It is very important to say that the text of the new Declaration is the beginning rather than the end of a process of internationalization of bioethics. Special attention therefore needs to be given to the application of the principles and the dissemination and the promotion of the Declaration. Member States that have not already done so will be encouraged to establish bioethics committees; to promote informed pluralistic public debate; to foster bioethics education and training; and to take appropriate legal measures to facilitate transnational research. International organizations such as UNESCO will continue to assist countries to develop an ethical infrastructure so that human beings everywhere can benefit from the advances of science and technology within a framework of respect for human rights and fundamental freedoms.

References

Faunce TA. Will international human rights subsume medical ethics? Intersections in the UNESCO Universal Bioethics Declaration. J Med Ethics 2005; 31: 173-178.

UNIVERSAL DECLARATION ON BIOETHICS AND HUMAN RIGHTS – PRINCIPLES
Article 3 – Human Dignity and Human Rights

Human dignity, human rights and fundamental freedoms are to be fully respected.

The interests and welfare of the individual should have priority over the sole interest of science or society.

Article 4 – Benefit and Harm


In applying and advancing scientific knowledge, medical practice and associated techologies, direct and indirect benefits to patients, research participants and other affected individuals should be maximized and any possible harm to such individuals should be minimized.

Article 5 – Autonomy and Individual Responsibility


The autonomy of persons to make decisions, while taking responsibility for those decisions and respecting the autonomy of others, is to be respected. For persons who are not capable of exercising autonomy, special measures are to be taken to protect their rights and interests.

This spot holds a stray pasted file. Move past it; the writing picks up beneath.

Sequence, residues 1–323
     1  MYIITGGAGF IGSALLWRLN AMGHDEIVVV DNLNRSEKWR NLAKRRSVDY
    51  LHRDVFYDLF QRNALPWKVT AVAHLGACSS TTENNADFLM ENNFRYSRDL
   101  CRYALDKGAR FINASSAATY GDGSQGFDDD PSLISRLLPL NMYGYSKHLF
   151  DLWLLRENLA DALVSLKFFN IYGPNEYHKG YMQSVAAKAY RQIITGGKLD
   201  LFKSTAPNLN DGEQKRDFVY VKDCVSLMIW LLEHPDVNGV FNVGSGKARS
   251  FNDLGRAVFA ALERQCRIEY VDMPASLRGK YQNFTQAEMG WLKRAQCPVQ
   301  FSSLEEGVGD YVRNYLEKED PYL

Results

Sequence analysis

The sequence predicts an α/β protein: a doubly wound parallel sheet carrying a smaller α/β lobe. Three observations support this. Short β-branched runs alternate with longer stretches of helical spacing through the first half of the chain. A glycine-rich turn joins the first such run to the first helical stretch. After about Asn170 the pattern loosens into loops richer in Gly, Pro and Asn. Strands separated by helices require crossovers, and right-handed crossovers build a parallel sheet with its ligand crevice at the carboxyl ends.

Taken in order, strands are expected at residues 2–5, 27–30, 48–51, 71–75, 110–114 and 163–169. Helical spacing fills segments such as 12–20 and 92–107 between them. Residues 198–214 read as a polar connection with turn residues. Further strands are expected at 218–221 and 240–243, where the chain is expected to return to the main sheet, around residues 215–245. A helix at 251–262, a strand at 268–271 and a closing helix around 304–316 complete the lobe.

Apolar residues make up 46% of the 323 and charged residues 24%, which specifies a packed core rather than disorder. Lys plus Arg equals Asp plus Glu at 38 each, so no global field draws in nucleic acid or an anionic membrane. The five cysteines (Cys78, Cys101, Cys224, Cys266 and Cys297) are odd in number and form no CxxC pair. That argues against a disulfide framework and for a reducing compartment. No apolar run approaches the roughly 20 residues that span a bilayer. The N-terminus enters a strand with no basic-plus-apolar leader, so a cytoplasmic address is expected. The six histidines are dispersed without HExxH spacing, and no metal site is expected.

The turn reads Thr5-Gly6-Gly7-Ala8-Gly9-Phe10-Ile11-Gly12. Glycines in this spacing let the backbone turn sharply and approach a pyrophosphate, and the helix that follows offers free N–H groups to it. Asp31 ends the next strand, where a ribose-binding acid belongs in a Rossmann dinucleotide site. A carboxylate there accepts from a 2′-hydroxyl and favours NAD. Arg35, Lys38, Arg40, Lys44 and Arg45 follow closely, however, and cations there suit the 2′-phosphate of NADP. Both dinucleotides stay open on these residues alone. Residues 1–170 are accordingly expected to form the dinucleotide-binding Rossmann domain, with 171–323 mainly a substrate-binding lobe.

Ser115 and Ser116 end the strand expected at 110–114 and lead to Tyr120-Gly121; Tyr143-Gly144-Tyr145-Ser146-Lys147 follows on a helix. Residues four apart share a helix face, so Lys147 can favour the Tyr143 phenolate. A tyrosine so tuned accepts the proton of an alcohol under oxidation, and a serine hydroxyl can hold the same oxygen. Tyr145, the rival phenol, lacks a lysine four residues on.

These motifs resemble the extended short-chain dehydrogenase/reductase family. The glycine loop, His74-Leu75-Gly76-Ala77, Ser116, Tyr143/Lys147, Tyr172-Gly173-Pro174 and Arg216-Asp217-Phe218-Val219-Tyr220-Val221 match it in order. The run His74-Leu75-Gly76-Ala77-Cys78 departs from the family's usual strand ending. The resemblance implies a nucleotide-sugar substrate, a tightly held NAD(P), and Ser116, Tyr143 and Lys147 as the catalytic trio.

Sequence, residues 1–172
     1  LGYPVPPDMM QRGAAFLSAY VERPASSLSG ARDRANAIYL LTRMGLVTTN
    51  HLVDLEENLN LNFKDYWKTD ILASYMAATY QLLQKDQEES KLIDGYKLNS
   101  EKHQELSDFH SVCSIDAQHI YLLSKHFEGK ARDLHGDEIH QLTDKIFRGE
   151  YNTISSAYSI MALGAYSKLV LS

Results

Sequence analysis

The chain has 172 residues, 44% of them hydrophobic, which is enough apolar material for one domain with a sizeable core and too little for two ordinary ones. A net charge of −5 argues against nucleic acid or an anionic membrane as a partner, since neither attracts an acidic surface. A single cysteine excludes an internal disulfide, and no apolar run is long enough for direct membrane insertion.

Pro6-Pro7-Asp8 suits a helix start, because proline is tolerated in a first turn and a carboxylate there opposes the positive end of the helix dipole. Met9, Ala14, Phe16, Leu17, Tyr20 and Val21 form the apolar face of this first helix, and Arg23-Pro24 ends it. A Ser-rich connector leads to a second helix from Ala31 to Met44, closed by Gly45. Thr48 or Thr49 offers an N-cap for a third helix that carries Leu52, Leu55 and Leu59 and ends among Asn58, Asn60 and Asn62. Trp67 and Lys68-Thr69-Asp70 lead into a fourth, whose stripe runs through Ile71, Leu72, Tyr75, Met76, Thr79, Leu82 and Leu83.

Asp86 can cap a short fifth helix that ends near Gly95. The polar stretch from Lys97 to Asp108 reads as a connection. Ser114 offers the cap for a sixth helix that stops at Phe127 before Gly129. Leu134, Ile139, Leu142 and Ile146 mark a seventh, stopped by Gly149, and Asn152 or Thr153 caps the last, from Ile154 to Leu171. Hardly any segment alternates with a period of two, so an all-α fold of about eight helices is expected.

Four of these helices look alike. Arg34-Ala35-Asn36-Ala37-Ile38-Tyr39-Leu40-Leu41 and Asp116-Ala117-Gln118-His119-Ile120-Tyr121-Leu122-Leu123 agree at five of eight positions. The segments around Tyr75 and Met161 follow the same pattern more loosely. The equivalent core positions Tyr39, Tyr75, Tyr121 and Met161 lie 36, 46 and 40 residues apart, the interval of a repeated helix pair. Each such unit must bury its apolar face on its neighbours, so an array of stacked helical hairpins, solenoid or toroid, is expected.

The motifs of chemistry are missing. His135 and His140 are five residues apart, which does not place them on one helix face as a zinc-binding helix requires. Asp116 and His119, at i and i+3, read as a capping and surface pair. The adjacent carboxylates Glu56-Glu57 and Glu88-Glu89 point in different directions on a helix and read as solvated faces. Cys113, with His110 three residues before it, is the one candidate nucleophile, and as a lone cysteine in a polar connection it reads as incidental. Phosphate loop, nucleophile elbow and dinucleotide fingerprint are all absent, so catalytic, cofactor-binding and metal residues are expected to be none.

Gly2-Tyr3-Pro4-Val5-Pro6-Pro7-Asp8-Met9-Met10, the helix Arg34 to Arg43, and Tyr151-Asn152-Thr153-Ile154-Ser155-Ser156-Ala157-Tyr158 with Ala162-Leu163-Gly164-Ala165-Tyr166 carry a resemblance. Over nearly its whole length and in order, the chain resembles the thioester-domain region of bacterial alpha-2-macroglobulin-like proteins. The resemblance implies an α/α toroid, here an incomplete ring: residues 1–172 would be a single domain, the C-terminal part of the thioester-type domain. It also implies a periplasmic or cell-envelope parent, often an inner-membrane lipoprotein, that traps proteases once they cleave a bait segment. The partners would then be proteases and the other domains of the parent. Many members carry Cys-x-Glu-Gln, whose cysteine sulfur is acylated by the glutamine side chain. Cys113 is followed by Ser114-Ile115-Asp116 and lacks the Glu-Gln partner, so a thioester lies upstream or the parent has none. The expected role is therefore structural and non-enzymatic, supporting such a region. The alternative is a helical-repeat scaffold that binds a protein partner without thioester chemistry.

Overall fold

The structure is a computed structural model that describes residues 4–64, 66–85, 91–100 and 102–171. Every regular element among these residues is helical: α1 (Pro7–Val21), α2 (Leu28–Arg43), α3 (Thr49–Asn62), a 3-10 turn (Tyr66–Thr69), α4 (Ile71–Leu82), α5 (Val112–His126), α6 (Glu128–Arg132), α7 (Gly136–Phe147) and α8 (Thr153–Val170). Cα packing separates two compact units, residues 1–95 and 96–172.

Article 6 - Consent


a) Any preventive, diagnostic and therapeutic medical intervention is only to be carried out with the prior, free and informed consent of the person concerned, based on adequate information. The consent should, where appropriate, be express and may be withdrawn by the person concerned at any time and for any reason without disadvantage or prejudice.

b) Scientific research should only be carried out with the prior, free, express and informed consent of the person concerned. The information should be adequate, provided in a comprehensible form and should include the modalities for withdrawal of consent. The consent may be withdrawn by the person concerned at any time and for any reason without any disadvantage or prejudice. Exceptions to this principle should be made only in accordance with ethical and legal standards adopted by States, consistent with the principles and provisions set out in this Declaration, in particular in Article 27, and international human rights law.

c) In appropriate cases of research carried out on a group of persons or a community, additional agreement of the legal representatives of the group or community concerned may be sought. In no case should a collective community agreement or the consent of a community leader or other authority substitute for an individual’s informed consent.

Article 7 – Persons without the capacity to consent


In accordance with domestic law, special protection is to be given to persons who do not have the capacity to consent:

a) authorization for research and medical practice should be obtained in accordance with the best interest of the person concerned and in accordance with domestic law. However, the person concerned should be involved to the greatest extent possible in the decision-making process of consent, as well as that of withdrawing consent;

b) research should only be carried out for his or her direct health benefit, subject to the authorization and the protective conditions prescribed by law, and if there is no research alternative of comparable effectiveness with research participants able to consent. Research which does not have potential direct health benefit should only be undertaken by way of exception, with the utmost restraint, exposing the person only to a minimal risk and minimal burden and, if the research is expected to contribute to the health benefit of other persons in the same category, subject to the conditions prescribed by law and compatible with the protection of the individual's human rights. Refusal of such persons to take part in research should be respected.

Article 8 – Respect for Human Vulnerability and Personal Integrity

In applying and advancing scientific knowledge, medical practice and associated technologies, human vulnerability should be taken into account. Individuals and groups of special vulnerability should be protected and the personal integrity of such individuals respected.